Finally, from all accounts I’ve read, since it is extremely unlikely we will be able to delay the Iranian nuclear program more than 2 or 3 years, one must also factor in the probability when the Iranians rebuild their infrastructure, they will make it that much harder for us to strike the next time.

John McCain has been quoted as saying “[T]here’s only one thing worse than the United States exercising the military option; that is a nuclear-armed Iran.” Clearly that is incorrect. There are several things worse than a nuclear armed Iran starting with the probability of a humiliating defeat in Iraq, moving on to a severe downturn in our economy, followed by increasing instability in the Middle East, and ending up with the real possibility of a 9/11 type attack by Iranian supported terrorists.

Of course, discussion of Iranian nuclear weapons has to include what options are available to Israel. And surprisingly, those options seem to be few and far between:

[O]ne of the take-aways from my recent Israel trip is that Israeli national security bureaucrats — diplomats and generals — have far greater confidence that there are numerous potential solutions to the growing Iran crisis short of bombing them in an invasive, hot attack.

One of the issues that came up in many of the national security related discussions I had was that Israel has maintained and cultivated a very strong human intelligence network inside Iran. The two nations were close strategic allies 25 years ago — and continue, in many behind-the- scenes ways, to communicate and possibly even to coordinate certain actions. It doesn’t mean that Israel is ready to appease Iran’s regional ambitions, but it does mean that I have witnessed far more worries about Iranian President Ahmadinejad’s anti-Holocaust and anti-Israel rhetoric in the U.S. than I did in Tel Aviv or Jerusalem.

Many serious Iran watchers in Israel think that chances are relatively high that “internal developments” will emerge in Iran to constrain Ahmadinejad’s “political options and political life.”

TALK TO THE ISRAELIS — the ones responsible for national security there. I found their sensibilities on Iran to be remarkably well informed, nuanced, confident, and sensible.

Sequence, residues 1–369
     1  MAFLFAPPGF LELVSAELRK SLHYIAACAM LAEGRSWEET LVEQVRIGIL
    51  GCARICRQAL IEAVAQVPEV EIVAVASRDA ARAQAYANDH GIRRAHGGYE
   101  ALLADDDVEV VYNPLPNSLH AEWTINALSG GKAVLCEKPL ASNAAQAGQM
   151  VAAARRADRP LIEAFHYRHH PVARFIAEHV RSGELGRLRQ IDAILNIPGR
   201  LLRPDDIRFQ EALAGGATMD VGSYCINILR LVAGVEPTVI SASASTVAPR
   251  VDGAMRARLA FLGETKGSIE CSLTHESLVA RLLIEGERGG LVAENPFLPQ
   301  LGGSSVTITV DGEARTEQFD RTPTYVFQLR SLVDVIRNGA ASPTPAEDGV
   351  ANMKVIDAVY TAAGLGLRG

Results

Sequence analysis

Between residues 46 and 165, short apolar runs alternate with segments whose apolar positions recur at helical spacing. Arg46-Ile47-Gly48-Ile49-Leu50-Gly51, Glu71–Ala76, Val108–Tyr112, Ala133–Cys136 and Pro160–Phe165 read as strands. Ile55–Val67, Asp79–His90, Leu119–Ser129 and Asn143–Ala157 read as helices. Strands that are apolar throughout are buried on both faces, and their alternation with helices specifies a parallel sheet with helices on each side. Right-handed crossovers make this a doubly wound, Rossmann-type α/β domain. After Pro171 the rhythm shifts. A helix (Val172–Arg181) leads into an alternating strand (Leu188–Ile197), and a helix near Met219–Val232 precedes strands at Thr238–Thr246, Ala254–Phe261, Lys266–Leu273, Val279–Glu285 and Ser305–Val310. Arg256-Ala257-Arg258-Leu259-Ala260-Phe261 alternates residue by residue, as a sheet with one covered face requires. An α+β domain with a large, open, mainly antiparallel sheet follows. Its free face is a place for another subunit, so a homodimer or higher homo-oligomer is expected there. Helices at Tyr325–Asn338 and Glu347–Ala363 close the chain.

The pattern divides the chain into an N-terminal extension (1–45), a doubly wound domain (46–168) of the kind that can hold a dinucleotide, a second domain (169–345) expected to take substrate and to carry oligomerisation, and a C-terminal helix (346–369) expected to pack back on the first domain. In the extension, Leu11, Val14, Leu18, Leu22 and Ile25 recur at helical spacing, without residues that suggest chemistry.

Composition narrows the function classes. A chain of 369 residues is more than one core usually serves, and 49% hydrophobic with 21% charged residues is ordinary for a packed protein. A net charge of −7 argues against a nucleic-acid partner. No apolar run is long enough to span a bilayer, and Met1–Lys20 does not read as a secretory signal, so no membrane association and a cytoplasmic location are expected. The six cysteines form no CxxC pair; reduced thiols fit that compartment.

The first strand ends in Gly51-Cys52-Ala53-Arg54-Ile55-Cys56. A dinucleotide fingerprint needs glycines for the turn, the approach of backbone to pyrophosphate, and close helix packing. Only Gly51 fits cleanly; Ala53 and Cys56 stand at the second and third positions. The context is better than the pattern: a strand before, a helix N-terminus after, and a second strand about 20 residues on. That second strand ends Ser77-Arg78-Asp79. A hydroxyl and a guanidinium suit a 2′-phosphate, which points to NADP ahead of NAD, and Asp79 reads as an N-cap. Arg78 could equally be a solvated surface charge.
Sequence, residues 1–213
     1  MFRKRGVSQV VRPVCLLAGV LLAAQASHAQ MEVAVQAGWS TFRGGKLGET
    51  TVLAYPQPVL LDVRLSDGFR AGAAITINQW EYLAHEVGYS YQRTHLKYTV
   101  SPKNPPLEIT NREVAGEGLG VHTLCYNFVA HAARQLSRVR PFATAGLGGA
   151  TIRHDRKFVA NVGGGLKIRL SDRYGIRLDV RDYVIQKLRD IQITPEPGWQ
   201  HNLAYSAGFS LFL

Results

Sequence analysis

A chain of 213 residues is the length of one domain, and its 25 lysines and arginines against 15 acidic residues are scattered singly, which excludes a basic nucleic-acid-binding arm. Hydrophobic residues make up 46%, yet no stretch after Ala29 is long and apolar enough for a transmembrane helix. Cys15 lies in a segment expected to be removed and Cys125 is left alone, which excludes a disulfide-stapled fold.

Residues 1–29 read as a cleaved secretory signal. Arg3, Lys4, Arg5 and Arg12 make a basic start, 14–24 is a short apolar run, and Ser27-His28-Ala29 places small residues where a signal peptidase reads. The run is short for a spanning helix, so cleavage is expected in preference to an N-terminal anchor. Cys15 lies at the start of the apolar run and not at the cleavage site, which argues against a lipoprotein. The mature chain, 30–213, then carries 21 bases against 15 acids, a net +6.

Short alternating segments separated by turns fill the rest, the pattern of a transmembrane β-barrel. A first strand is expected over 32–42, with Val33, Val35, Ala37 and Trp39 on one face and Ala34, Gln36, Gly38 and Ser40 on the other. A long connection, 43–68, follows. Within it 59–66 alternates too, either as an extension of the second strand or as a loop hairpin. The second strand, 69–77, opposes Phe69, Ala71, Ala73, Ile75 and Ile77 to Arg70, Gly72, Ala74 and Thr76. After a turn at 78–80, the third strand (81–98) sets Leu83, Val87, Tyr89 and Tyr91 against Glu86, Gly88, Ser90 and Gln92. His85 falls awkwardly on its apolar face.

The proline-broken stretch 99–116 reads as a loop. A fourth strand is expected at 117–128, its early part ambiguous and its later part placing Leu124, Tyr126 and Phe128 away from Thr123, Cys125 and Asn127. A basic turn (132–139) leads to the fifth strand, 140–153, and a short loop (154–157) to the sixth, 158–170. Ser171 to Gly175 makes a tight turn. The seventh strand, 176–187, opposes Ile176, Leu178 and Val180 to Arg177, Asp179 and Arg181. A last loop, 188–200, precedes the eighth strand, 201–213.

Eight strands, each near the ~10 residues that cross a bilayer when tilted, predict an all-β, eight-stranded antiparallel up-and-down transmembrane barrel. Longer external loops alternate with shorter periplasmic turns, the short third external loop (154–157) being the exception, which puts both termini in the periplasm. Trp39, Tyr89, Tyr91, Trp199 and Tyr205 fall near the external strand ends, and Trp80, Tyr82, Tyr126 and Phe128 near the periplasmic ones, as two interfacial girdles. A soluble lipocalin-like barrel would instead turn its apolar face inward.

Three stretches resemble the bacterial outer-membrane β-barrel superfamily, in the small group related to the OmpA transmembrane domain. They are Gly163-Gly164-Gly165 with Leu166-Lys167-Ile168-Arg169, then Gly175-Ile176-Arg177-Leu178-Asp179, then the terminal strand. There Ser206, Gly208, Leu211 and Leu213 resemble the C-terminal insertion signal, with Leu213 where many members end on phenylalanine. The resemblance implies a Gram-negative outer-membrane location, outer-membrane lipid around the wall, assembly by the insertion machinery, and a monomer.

Nearly everyone I spoke to in Israel who ranged in political sympathies from the Likud right to Maretz left thought that the tone of the AIPAC conference had been too shrill and that Israel thought it wrong-headed and too impulsive to be engaged in saber-rattling with Iran at this stage.

In the past, I’ve been occasionally critical of Israeli influence over U.S. decisionmakers when I felt that American and Israeli national security interests were not as convergent in some respective case as some argued. However, in this instance on Iran, Israel’s national security thinkers and diplomats are on the side of logic — and it is in American national interests to hear the Israeli position and consider the roots of their surprising position.

I would be perhaps less sanguine about a regime change having any effect whatsoever on Iranian nuclear ambitions. The only alternative at this point seems to be former President Rafsanjani who initiated the Iranian nuclear program in the first place back in the late 1980’s and early 90’s. Combine that with a clear mandate from the Iranian people - who, like the Pakistani people see building a nuclear device as a question of national pride - and it becomes clear that even if the Supreme Council roused itself and ousted President Ahmadinejad, nothing would change in the Iranian drive to build nukes.

Israel is the one nation that would be in the Iranian crosshairs from the minute the mullahs went nuclear. And if the Jewish state is resigned to the Iranians getting nukes, then perhaps we should be looking at what our regional response should be in that context.

This monograph by the Strategic Studies Institute (SSI) examined the question of what the United States could do in the region with a nuclear armed Iran. Here are some of their options:

* Engage in traditional deterrent strategies such as making it clear to Tehran that the use or threatening the use of nuclear weapons has reciprocal disadvantages to the regime.

* Allow the development of nuclear weapons by states threatened by Iran such as Saudi Arabia and Egypt.

* Employ a regional military strategy against the regime by building credible alliances.

* Work with dissident groups to create an armed, united opposition that could affect regime change.

These are just a few of the unsatisfactory but realistic options open to us if we resign ourselves to the reality of the Iranian government going nuclear. The question then becomes, are they better than bombing?

In the short term, one would have to say it’s a wash - equally bad outcomes to a bad situation. But in the longer term, the non-military options have a chance of isolating the Iranians and confronting their ambitions in the region. For those reasons, I think that unless something dramatic happens to change the situation, as it stands now the best course of action for the United States is to follow non-military actions, proceeding from the assumption that the Iranians will have a bomb in 3-5 years.